Washing

“Rinse the used pad in the sink with cold/warm water. You can let them soak in the water if you want to or ring them out and put into a bag until you can wash in washer. I rinsed them out after each use making sure all the blood was out as best as possible and then put into a baggie until I could wash in washer. I then washed the pads with my regular laundry and dried it in the dryer also. I then was able to reuse the pads. The minky pads did not stain and are very soft and comfortable. There are many small business and people who make and sell cloth pads. Etsy is a great place to find some and Amazon.com. You can also look for instructions to make your own”

The link my favorite cloth pad shop- the Pink Lemonade Shop is below. 

http://pinklemonadeshop.3dcartstores.com/

Reusable cloth menstrual pad basics- How to get started

Some of the larger companies that sell cloth pads offer a free panty liner if you pay shipping to test out their product before you make a larger purchase. All cloth pads are slightly different with slightly different designs. I prefer the all in one m pads which are what the minky pads are. Much like a disposable pad all in one pads are very simple. Just use the snaps or Velcro to secure the wings. A different type of cloth pad has removable inserts. This allows you to use the same base pad all day and just change the insert. Also this type can be adjusted for heavy flow data by adding extra inserts.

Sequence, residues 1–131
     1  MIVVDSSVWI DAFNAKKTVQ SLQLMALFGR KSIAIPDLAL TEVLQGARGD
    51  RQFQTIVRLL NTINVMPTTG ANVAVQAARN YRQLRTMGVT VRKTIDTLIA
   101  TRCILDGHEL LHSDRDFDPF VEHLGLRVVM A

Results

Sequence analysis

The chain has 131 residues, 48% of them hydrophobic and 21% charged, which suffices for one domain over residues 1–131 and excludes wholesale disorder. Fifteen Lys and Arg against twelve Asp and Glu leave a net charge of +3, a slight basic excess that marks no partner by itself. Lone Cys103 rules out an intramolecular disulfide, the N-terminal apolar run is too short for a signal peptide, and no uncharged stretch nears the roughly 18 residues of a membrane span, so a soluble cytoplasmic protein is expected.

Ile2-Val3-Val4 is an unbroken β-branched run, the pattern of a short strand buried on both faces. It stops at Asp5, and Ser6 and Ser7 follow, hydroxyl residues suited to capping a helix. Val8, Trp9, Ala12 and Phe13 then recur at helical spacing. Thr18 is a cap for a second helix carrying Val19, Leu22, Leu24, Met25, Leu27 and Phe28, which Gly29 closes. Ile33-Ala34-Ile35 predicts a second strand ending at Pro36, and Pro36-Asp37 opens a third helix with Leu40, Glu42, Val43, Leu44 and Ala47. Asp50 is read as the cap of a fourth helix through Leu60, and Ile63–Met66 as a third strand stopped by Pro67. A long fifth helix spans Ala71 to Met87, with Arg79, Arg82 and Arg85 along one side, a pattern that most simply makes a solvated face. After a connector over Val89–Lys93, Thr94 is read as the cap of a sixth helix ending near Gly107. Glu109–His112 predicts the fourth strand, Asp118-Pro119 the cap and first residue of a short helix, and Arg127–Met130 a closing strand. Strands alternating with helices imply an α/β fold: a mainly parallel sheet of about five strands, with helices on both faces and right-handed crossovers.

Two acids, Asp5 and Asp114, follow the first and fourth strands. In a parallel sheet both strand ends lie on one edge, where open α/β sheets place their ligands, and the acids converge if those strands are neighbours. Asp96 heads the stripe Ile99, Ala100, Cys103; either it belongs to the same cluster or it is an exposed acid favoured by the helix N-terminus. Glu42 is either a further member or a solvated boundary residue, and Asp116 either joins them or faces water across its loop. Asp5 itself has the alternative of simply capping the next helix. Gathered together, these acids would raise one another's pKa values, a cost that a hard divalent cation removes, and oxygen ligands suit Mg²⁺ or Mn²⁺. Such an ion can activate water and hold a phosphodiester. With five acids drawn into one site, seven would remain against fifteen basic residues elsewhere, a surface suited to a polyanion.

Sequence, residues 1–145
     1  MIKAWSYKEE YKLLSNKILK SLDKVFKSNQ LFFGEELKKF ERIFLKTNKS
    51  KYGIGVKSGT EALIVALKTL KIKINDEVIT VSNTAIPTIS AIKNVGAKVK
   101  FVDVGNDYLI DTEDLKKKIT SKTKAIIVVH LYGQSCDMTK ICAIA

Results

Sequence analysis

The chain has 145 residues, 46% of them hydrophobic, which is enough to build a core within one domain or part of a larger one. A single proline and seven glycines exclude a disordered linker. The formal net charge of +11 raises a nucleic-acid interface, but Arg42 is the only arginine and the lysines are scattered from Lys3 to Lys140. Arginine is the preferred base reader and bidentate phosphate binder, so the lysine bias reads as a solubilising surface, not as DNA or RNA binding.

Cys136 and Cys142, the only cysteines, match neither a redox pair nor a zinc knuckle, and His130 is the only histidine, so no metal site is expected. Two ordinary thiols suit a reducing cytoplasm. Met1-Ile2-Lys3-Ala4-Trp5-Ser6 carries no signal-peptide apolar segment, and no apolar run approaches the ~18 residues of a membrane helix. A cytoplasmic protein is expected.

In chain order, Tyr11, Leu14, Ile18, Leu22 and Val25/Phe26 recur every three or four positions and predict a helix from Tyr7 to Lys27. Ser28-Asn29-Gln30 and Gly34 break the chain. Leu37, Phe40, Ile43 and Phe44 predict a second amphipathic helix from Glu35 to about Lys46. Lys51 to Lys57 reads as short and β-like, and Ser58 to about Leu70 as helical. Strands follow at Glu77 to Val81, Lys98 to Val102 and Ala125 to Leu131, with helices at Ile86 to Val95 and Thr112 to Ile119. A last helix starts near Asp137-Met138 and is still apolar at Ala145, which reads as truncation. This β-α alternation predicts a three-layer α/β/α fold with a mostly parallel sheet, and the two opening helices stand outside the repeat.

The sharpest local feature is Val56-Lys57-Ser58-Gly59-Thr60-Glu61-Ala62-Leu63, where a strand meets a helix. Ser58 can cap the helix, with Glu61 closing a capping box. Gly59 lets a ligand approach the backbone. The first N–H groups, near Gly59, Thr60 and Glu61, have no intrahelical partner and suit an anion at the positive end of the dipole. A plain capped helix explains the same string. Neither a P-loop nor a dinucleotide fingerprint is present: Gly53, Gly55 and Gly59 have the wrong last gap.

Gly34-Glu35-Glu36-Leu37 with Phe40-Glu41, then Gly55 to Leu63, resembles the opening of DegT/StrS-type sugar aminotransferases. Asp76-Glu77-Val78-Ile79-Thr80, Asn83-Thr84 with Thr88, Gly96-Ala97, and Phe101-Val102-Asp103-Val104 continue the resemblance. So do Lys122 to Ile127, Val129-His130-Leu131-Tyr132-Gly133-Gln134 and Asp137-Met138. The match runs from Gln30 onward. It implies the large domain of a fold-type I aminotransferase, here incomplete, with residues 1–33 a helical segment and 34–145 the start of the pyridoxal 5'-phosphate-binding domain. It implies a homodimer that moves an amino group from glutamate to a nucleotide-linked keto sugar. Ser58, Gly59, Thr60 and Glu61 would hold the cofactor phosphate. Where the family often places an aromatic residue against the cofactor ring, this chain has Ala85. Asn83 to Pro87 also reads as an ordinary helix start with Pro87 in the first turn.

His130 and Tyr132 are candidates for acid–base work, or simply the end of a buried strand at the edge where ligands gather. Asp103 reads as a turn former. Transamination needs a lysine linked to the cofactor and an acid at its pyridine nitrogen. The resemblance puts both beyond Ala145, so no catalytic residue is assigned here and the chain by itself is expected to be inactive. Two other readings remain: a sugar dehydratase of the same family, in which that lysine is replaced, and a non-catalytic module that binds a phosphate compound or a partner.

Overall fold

I paid $5 for a sample of the Luna pad liner. It has a very soft top and wide wings with small closure. It is a 6 inch light pad. Check out Lunapads.com

image
image imageLuna pad Panty liner

Party in your pants at partyinyourpants.com also offers a sample liner if you pay shipping. They let you pick between a thong liner, a mini liner and a deluxe liner. The thong and mini liner are 7 inches long and the deluxe liner is 9.5 inches. They also let you pick if you want solid, floral or a fun novelty print and you can choose between cotton and flannel for material. My total came to $3.99 for shipping.